Complex issues where the answer is not an extension of, business as usual, is a great place to mine for opportunities.  These include business turn-a-rounds, vision building, new business model creation, value proposition design, new product strategies, integrating acquisitions, market disruption, and innovation projects.

These types of challenges have common characteristics:

  • The solution is not obvious, and obvious solutions will not deliver the paradigm shift required.
  • The solution requires a complementary skills-set
  • There is an urgent need to find a solution
  • There is a clear advantage for using a team over a workgroup
  • The rewards are worth the risk of investing time and energy

The answer to why is it difficult for senior executives to form teams comes down to the choices they make about what model fits the purpose of their meetings.

There is no doubt that teams need time together, they need to work on real issues and learn how to be a successful team by following the deceptively simple rules of the discipline of teams.

A workgroup is fit for purpose.   A team acts differently from a workgroup, and that is good when that is the most appropriate choice.   Remember, the events in life and business will continue to challenge all of us, the response we chose creates the outcome we experience.


We are the masters of our destiny










Abolish the myth of THEM

The tip for success in 2018.  

The myth of THEM leaves you believing you are separate from the problems you see in others. For 20 years, I have been a witness to, and party in, this delusional story that always begins with this sentiment, “When these people show better leadership we will be able to……….” this is what I call the myth of THEM.

Back in 1950 Albert Einstein had noticed the same behaviour and wrote these words in a letter to Robert S. Marcus. “A human being is part of the whole, called by us “universe,” limited in time and space. He experiences himself, his thoughts and feelings as something separated from the rest – a kind of optical delusion of his consciousness”.

Because we experience looking out upon the problem, we see it separated from us. I have noticed that the observers are often delighted with themselves for noticing the issues, which in turn reinforces the most seductive part of the delusion, It’s not me!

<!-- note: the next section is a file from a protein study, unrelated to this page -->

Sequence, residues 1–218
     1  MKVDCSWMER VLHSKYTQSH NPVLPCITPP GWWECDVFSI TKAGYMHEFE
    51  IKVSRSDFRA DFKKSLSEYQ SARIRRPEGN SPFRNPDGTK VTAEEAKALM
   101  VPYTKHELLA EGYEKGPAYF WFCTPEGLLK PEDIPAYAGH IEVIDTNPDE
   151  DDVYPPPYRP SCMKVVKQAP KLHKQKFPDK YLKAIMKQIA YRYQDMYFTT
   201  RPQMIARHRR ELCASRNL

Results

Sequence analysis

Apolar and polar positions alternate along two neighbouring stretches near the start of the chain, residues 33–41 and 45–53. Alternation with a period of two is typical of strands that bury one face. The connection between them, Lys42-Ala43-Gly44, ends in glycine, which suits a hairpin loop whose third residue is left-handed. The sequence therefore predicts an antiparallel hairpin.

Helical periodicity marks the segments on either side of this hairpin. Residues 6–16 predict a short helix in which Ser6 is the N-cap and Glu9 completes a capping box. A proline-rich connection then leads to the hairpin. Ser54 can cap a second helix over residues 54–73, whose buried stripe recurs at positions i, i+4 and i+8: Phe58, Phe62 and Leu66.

The question to ask after hearing the myth of THEM begin is;
What part do I play in all of this?

As Einstein posits, we are all connected in what we call the “universe”; therefore, we are all connected to the company where we have observed the challenges.

This leads to the irrefutable truth; there is no THEM there is just US.

Einstein goes on to warn that the delusion of separation is a prison that restricts our personal desires and limits us.

As a leader, you must free yourself from this prison by widening your circle of compassion to embrace all the people connected in your company and beyond. You must learn through personal awareness that the whole has more value and that the behaviours you see are, in part, created by you.

Your power to create change and build a better company begins when you tear down the delusion of THEM and take your place in US.

good luck in 2018


“The universe is not outside of you. Look inside yourself; everything that you want, you already are.”

― Jalaluddin Mevlana Rumi 13th century

Advanced Management Program

give your managers the tools they need to align their talent

Photo by Andreas Klassen on Unsplash


You have taken the first step towards joining a powerful global community of leaders who are committed to defining the future.  Leaders who know their imagination and dedication can shape the future

MGL’s Advanced Management Progam is a 3-day Masterclass with a Six-month follow-through process that will culminate with you implementing leadership tools and techniques that will measurably change your life.

When you complete the Masterclass, you will recognise what makes you exceptional. You will understand how to leverage your strengths and harness your emotions to maintain a laser focus on your goals.

You will be on your way to developing the kind of clarity of purpose that has been the foundation of all great leaders.  You will have the tools to create a shared vision with your team and understand how to maintain your confidence and a leadership mindset.

Ask a Question Make an Enquiry

What participants say….

“MGL inspires managers to embrace leadership and implement change.”

– SVP Abu Dhabi



“The challenging ideas enabled me to grow my teams and deliver greater results.”